Stephen Derrick MEd/ UKCP registered psychotherapist
Counselling or psychotherapy? Which approach is right for you?
If you have experienced recent difficulties in your life which have resulted in feelings of anxiety, depression or stress, you may benefit from a relatively brief period of counselling or psychotherapy which for example may be for up to 20 meetings.
Brief therapy which is generally more focused on a specific issue provides the opportunity to talk with support about your feelings and maybe explore ways in which a problem situation may be resolved.
I have undertaken training in CBT and in models of counselling which I have found to be useful for brief therapy.
However some will benefit from a longer term therapy.
They may live with a deep sense of unhappiness and suffering in their life which may be related to early childhood trauma or troubling experiences as they were growing up.
Sometimes the reasons are not clear and there is a feeling of being burdened and of dissatisfaction with life. Old wounds may not have been given enough consideration.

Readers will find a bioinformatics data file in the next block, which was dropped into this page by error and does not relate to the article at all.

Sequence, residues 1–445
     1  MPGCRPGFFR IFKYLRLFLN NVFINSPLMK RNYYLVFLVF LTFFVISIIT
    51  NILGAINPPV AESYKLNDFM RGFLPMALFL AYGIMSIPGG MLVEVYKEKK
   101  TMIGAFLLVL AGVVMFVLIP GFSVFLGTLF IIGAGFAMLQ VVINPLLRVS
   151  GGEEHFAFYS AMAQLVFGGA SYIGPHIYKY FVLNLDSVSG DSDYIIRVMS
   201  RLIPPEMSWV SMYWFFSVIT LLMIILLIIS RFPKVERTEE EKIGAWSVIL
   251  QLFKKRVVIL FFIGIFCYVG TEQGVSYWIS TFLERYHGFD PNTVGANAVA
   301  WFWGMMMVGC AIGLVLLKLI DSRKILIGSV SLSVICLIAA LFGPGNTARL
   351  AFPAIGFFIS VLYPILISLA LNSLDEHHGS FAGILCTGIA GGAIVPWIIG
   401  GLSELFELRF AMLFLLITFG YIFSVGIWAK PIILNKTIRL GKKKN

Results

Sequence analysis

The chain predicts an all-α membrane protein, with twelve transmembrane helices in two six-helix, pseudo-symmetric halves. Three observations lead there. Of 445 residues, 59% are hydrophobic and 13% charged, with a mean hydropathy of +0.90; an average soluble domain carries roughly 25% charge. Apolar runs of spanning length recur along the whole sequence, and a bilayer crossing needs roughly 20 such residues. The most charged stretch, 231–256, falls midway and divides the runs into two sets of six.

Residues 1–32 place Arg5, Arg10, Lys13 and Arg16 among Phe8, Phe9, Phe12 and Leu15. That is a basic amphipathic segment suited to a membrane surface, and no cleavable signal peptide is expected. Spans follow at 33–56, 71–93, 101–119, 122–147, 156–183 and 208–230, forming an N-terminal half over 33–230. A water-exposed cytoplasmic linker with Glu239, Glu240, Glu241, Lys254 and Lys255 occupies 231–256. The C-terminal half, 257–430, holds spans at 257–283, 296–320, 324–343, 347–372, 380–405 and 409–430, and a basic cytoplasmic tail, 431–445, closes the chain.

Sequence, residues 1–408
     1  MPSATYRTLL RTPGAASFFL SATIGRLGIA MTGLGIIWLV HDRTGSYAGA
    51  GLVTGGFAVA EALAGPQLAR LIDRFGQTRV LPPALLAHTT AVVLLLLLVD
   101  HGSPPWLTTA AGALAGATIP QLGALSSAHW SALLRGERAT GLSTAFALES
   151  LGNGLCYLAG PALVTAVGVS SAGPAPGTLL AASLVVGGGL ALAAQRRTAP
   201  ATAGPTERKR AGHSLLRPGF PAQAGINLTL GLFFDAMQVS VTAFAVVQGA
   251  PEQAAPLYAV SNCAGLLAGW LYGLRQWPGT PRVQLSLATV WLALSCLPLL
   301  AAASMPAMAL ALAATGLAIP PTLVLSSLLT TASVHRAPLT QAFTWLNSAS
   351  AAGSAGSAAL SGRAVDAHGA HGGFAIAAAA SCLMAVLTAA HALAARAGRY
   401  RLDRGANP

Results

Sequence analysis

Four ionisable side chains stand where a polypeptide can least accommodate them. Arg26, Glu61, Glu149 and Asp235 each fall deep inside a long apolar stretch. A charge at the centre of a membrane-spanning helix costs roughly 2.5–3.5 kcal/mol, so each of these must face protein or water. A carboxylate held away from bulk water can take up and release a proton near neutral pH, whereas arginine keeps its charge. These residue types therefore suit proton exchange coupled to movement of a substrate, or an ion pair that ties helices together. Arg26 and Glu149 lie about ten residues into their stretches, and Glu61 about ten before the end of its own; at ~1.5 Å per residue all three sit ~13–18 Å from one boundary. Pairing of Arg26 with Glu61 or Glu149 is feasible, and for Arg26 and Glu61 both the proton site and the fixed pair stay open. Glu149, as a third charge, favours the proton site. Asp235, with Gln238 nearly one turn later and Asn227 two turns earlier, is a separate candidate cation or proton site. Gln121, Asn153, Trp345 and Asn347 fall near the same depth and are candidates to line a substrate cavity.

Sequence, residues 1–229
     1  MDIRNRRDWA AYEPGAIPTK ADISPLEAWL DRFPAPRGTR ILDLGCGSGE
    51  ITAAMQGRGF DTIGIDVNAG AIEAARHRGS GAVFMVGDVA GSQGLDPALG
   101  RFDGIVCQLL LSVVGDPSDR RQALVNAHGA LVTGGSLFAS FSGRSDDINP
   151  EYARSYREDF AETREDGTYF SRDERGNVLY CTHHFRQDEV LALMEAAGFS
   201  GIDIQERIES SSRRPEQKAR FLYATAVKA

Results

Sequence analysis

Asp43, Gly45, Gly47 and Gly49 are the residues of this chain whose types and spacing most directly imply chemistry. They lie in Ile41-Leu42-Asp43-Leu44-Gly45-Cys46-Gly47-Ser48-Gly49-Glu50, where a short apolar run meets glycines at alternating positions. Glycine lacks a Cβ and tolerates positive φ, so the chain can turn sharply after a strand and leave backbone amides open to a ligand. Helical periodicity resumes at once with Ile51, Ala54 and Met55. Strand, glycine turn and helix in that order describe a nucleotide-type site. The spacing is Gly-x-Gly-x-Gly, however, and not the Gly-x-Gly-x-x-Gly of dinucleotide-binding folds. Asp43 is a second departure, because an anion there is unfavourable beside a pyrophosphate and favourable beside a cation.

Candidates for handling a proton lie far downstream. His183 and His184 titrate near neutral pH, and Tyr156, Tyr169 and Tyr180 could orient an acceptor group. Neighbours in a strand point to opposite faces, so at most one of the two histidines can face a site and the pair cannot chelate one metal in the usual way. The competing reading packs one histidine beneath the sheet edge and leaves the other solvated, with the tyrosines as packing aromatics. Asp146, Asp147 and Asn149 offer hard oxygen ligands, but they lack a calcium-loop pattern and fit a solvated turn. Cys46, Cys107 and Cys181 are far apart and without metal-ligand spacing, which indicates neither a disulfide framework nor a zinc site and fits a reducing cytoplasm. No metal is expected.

As a way of getting through life we can adapt to our earlier experiences as a means of coping or surviving.
For example we may become passive, withdrawn or irritable and angry. It often seems as though we are going through the motions and life lacks satisfaction.
We can experience for example the symptoms of depression, low self esteem and feel anxious or depressed with loss of confidence and a sense of worthlessness.
It is often a struggle to get through and as such the potential to move on and achieve satisfaction in interests, relationship or career can be effected.
Entering into longer term therapy can provide the opportunity to explore and work through difficulties and problems in life.
The therapy can be challenging but immensely rewarding. The therapeutic relationship is fundamental in that as a therapist I can provide the ground and support from which the client can be heard and met with sincere regard and understanding as they explore their inner most feelings.
As the therapy progresses trust can develop which supports exploration and understanding of how the past can impact on the present. With this awareness and within the continuation of the therapy we become liberated from that which has held us and plan for a different healthier and more positive future.
Hopefully through the ‘vehicle’ of this rather special relationship the therapy can lead to a life which has some meaning, pleasure and peaceful satisfaction.